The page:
verb (used without object), con·sub·stan·ti·at·ed, con·sub·stan·ti·at·ing.
to profess the doctrine of consubstantiation.
to become united in one common substance or nature.
verb (used with object), con·sub·stan·ti·at·ed, con·sub·stan·ti·at·ing.
to unite in one common substance or nature.
to regard as so united.
Origin of consubstantiate
Dictionary.com Unabridged Based on the Random House Unabridged Dictionary, © Random House, Inc. 2019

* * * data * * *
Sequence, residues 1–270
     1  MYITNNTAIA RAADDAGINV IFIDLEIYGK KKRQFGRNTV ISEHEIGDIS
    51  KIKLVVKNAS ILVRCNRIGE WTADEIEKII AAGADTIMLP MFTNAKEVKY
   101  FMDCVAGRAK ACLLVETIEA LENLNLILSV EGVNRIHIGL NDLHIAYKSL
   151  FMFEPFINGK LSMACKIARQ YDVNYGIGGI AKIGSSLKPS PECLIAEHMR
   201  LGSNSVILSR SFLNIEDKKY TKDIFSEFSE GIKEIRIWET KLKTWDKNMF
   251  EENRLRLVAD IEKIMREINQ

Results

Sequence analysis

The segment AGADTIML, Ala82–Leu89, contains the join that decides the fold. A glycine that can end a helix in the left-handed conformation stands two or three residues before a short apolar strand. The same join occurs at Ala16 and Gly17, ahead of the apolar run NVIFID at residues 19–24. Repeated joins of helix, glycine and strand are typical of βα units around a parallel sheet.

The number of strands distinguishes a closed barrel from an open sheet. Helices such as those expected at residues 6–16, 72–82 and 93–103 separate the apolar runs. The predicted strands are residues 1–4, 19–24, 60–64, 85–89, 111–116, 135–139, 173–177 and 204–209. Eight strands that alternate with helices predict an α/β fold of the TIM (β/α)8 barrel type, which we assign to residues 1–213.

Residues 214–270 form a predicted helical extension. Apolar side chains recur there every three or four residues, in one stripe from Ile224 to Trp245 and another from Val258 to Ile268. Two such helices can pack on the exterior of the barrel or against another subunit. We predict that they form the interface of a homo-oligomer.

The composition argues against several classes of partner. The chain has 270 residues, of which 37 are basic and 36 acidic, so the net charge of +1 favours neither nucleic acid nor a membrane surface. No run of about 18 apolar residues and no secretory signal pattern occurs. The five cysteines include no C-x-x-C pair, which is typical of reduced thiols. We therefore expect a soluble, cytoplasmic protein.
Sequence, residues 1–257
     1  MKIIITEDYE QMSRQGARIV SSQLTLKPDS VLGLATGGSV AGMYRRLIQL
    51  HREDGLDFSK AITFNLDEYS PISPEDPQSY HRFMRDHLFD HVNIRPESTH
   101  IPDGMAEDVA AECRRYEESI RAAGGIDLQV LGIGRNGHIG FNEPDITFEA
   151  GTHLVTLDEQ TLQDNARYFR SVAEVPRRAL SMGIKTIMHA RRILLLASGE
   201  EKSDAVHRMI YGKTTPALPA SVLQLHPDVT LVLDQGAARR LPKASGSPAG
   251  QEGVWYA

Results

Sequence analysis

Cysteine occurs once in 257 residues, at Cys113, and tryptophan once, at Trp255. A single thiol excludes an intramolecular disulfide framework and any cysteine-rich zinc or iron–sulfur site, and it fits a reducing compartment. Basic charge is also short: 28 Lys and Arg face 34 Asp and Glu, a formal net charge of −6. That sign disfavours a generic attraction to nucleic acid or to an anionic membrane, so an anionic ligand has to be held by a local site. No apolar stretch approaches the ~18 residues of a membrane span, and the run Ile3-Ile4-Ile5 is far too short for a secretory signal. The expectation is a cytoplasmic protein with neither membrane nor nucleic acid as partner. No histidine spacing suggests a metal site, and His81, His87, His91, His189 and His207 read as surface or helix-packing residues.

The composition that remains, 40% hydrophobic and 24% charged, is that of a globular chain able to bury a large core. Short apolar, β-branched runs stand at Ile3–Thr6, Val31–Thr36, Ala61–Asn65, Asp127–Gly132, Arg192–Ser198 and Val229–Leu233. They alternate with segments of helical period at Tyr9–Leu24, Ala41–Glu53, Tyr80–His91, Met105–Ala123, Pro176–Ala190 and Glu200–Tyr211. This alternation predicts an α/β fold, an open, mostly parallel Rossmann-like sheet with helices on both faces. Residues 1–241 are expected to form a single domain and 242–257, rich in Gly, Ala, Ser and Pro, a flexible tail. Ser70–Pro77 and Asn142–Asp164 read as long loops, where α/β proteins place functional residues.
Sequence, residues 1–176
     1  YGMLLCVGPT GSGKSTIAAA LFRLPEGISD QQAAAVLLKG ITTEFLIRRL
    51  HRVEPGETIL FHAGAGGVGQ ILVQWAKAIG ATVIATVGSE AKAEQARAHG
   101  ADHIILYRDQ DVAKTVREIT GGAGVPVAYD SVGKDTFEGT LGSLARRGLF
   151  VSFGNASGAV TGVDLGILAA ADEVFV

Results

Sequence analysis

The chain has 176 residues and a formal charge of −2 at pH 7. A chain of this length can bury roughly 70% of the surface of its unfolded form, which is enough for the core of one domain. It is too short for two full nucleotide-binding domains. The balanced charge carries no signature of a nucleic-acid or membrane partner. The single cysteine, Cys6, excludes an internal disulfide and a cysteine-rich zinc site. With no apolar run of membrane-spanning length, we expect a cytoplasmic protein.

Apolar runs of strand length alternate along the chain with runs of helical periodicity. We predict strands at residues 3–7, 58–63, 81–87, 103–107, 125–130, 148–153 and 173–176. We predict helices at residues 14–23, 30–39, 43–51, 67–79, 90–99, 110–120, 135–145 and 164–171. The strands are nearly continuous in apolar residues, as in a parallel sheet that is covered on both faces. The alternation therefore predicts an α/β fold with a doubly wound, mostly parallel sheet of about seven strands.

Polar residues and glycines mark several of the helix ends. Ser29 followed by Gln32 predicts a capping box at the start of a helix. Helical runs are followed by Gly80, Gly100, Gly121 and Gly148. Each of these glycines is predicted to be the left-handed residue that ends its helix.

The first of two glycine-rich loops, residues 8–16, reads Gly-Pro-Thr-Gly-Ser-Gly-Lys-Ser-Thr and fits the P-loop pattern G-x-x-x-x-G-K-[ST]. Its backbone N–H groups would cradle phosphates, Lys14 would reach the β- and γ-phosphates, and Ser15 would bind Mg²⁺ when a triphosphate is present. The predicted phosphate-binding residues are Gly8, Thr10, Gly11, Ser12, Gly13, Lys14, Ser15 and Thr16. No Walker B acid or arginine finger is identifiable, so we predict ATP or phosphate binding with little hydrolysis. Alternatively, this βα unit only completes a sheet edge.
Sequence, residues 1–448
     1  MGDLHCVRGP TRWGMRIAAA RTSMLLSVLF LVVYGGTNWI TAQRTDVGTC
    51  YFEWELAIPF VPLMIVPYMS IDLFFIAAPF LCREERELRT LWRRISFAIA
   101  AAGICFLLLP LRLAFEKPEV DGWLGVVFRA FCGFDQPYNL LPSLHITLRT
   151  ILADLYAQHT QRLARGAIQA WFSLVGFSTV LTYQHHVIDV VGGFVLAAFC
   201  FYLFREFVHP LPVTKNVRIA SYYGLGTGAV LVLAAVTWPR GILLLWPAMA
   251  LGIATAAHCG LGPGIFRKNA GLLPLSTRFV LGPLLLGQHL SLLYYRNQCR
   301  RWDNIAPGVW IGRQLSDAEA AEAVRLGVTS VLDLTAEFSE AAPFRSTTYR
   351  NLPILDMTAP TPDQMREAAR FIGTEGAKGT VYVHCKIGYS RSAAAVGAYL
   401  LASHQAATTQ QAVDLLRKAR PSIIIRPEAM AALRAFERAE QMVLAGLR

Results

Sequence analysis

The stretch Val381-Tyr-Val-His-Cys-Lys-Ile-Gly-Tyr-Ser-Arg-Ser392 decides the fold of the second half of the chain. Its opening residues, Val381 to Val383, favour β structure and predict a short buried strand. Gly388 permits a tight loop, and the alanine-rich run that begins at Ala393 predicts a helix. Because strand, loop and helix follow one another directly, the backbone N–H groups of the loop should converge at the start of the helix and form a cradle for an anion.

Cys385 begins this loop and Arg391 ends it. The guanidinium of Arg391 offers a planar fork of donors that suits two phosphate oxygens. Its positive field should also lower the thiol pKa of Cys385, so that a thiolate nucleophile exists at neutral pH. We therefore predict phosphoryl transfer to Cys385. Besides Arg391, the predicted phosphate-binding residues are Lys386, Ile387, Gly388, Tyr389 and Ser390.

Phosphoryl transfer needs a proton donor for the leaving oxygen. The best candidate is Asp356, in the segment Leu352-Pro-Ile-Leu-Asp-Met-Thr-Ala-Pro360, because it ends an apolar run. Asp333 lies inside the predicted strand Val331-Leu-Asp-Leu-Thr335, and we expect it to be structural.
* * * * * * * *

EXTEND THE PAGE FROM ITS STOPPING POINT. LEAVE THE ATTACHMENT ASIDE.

(intr) Christian theol (of the Eucharistic bread and wine and Christ's body and blood) to undergo consubstantiation
Collins English Dictionary - Complete & Unabridged 2012 Digital Edition © William Collins Sons & Co. Ltd. 1979, 1986 © HarperCollins Publishers 1998, 2000, 2003, 2005, 2006, 2007, 2009, 2012